Jane and Ted arrived shortly after, and I realized that the sun was beginning to go down. I saw that familiar late afternoon glow, and time just seemed to slow down. The nurses came in and asked if they could “un-wire” him. I nodded, and they slowly and lovingly removed all of his lines, IV’s, tubes and cords. Lastly, they pulled out the breathing tube and he was free again. Just my baby again. His sweet little body pressed into mine as it had been so many times before, and I could just hold him again. I laid my cheek against his forehead and memorized the way his hair curled off of his skin. The way his eyelashes left his eyes and touched under his brows. The way his hand felt when it touched my face. I pressed his tiny hand into my cheek over and over. I whispered to him, “I’m sorry… I love you… Please forgive me… Thank you. Rory, I’m so sorry… I love you…”
Each single moment stretched into hours, and suddenly the room seemed universally huge. Filled with more than just my family, Brock’s family. It was filled with light and love. Everything was crystal clear, crystalline and in slow motion. I saw every dust mote and heard every sound. I whispered to him that it was okay for him to go as I felt him fighting to breathe. “You can go, Rory. Please don’t stay for me. I will be okay.”
I looked up, around the room at everyone else, their eyes filled with horror and grief and tears. No one looking at me, and everyone hurting. Suddenly, unbelievingly I shouted, “Is this really real?! IS THIS REALLY REAL? IS THIS HAPPENING??”
It felt like the most real and awful nightmare that I could imagine, and I couldn’t convince myself it was real. My baby. My Rory. My sweet sunshine boy. My little brown baby. His breaths were stopping. They were coming farther and farther apart. They were shorter, and weaker. And then… they were no more. I felt his heart stop beating beneath my hand and I wailed again.
He was gone.
I held him tighter in that moment. I squeezed him harder and held him closer and breathed him in harder. I didn’t want to let him go. I wasn’t ready yet. His body was warm and he was my sweet, tiny boy. I’m sorry. I love you. Please forgive me. I’m sorry. I’m so, so sorry. My Rory. I’m so sorry.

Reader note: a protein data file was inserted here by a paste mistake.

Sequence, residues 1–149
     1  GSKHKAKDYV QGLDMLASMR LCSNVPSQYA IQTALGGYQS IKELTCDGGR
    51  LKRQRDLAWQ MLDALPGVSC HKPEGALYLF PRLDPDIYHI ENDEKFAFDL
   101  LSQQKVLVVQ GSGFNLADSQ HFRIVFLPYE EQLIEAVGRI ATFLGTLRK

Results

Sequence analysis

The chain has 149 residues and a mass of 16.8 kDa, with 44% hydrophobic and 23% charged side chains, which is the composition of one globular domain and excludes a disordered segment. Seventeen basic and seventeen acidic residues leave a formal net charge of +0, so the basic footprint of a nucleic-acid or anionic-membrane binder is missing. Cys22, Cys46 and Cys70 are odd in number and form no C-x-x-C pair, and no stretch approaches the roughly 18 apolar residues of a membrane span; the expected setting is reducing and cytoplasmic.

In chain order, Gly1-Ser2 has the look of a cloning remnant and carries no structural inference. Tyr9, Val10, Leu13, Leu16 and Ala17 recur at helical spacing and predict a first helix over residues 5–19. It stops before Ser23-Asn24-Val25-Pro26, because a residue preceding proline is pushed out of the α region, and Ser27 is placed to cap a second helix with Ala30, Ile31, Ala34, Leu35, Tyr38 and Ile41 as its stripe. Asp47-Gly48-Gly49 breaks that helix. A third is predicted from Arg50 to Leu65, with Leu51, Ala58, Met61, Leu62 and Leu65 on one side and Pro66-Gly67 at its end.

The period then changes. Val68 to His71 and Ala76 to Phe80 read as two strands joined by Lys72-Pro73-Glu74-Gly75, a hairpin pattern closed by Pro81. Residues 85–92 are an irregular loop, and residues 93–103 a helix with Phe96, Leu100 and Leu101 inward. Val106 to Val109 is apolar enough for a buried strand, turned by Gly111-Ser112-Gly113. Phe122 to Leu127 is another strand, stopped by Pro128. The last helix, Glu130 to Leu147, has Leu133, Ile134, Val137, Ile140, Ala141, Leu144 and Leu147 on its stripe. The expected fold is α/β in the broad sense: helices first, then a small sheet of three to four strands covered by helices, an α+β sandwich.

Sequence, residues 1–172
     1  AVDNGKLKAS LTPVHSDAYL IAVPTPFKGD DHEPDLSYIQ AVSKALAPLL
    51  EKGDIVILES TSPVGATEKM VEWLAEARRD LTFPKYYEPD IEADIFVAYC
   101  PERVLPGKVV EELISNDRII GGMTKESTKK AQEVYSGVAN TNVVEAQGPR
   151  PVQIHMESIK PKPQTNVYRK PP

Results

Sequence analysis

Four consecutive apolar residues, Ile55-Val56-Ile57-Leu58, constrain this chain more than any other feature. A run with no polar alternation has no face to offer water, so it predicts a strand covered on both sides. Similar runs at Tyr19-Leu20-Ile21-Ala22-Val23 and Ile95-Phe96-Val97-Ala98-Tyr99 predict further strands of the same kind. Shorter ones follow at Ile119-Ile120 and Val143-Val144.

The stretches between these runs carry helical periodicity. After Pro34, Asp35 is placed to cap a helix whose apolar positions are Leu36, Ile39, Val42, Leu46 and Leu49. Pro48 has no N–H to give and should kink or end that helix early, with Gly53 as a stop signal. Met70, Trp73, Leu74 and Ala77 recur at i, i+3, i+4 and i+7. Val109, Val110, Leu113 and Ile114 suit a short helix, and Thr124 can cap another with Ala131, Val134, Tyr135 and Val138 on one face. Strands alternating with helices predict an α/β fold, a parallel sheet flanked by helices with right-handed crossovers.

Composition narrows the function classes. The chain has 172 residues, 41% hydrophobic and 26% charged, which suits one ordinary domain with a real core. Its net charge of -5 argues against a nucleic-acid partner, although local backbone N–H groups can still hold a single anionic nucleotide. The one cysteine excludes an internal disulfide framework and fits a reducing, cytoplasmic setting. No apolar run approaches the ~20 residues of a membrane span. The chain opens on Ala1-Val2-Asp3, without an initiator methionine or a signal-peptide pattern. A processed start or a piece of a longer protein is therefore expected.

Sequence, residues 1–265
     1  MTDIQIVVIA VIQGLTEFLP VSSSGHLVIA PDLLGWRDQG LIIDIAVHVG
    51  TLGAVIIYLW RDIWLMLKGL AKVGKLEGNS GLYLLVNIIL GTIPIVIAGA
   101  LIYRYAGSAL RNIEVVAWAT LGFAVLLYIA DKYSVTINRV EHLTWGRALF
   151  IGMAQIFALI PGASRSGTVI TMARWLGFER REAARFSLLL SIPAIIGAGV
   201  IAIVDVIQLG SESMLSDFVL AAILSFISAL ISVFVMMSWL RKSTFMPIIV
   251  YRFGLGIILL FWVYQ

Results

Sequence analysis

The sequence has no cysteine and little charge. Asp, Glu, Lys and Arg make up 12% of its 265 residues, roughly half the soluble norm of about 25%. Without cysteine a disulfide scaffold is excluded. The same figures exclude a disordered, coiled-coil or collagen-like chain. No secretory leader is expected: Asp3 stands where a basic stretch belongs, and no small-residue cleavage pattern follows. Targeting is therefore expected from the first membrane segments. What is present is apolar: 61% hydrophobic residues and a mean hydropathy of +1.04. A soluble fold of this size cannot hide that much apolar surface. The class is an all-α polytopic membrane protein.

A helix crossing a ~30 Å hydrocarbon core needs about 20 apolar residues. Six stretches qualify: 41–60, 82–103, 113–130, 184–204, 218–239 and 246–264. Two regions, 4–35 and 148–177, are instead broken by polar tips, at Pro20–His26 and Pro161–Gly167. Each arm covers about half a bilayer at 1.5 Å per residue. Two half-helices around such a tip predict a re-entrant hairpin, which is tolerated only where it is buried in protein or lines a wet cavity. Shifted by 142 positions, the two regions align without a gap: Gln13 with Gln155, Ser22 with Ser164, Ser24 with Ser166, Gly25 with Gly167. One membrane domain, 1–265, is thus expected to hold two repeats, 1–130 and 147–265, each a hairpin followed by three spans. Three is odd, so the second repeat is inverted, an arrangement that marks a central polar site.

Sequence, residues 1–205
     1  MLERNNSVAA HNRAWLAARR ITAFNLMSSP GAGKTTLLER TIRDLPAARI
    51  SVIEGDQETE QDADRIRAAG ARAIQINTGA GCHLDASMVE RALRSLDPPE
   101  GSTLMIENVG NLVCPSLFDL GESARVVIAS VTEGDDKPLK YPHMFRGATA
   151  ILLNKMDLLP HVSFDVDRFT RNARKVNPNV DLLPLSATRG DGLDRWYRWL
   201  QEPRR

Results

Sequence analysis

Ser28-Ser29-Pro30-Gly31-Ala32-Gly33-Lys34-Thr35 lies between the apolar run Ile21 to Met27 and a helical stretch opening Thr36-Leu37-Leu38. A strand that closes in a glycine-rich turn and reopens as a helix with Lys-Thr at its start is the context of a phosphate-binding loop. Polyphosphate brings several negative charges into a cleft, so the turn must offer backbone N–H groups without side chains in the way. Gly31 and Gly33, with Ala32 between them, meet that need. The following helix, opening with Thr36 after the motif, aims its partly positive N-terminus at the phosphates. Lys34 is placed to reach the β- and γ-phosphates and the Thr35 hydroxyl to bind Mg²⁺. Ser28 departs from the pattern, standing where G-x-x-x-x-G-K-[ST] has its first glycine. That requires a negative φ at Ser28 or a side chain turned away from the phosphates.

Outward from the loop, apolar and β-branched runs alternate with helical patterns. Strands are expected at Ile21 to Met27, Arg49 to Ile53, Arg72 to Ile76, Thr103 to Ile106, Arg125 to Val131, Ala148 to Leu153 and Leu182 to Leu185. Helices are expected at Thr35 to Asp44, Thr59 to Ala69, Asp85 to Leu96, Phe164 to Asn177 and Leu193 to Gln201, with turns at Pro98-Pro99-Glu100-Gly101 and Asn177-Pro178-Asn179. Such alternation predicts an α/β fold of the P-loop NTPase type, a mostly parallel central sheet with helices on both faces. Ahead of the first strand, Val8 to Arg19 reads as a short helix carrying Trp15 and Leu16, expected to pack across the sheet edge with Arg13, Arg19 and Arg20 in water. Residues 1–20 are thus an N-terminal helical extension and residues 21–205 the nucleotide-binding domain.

The doctor came in to listen with a stethoscope, and told me Rory was gone. He pronounced time of death, but I knew he was wrong. I knew when he left. I felt it.
I held him for another few minutes, and then I had to go. I had to go, and leave the room, and leave the hospital and go. I didn’t want to feel him get cold. I couldn’t feel him get stiff. I had to leave.
They took me to another room, and brought the kids to see me. It wasn’t right and I asked them to take the kids somewhere else. Anywhere else. Stay with a friend. Keep them safe. I couldn’t do it right then. Someone came to ask me if I wanted to see him again and I said no. I didn’t. I wanted to go home. My baby was gone, and that body wasn’t him, and I didn’t need to see it. I just needed to go home.
Meliea pulled her car around. I was escorted out of the hospital, supported on both sides as though I was deathly ill, weak and dying. We walked out of the giant glass doors, and I realized that my world had stopped. My baby was gone… but the sun was still shining and people were still smiling and I was enraged.
WHY ARE YOU SMILING? HOW CAN THE SUN BE SHINING? DON’T YOU KNOW AN ANGEL HAS JUST DIED? CANT YOU SEE THAT MY LIFE HAS BEEN SHATTERED? WHY HASN’T THE WORLD STOPPED WITH US?
I climbed into the car, and Meliea took us home. My house had been cleaned by well-loved friends. People who knew that CPS would be involved, and that Rory was dying, and that wanted us to come home to a clean space. Brock walked in and immediately took down the baby gate. It had been his promise.
We sat down on the couch, and looked around our clean, empty house. It had fallen dark. There were no children. There were no signs of life. There was no noise, and no baby mess, and no diapers and no high chairs. We were home, and it felt as though he had never existed. I laid my head on Brock’s shoulder as he wrapped his arms around me, and together cried anew.
We had to begin life again, after our baby died. And it hurt.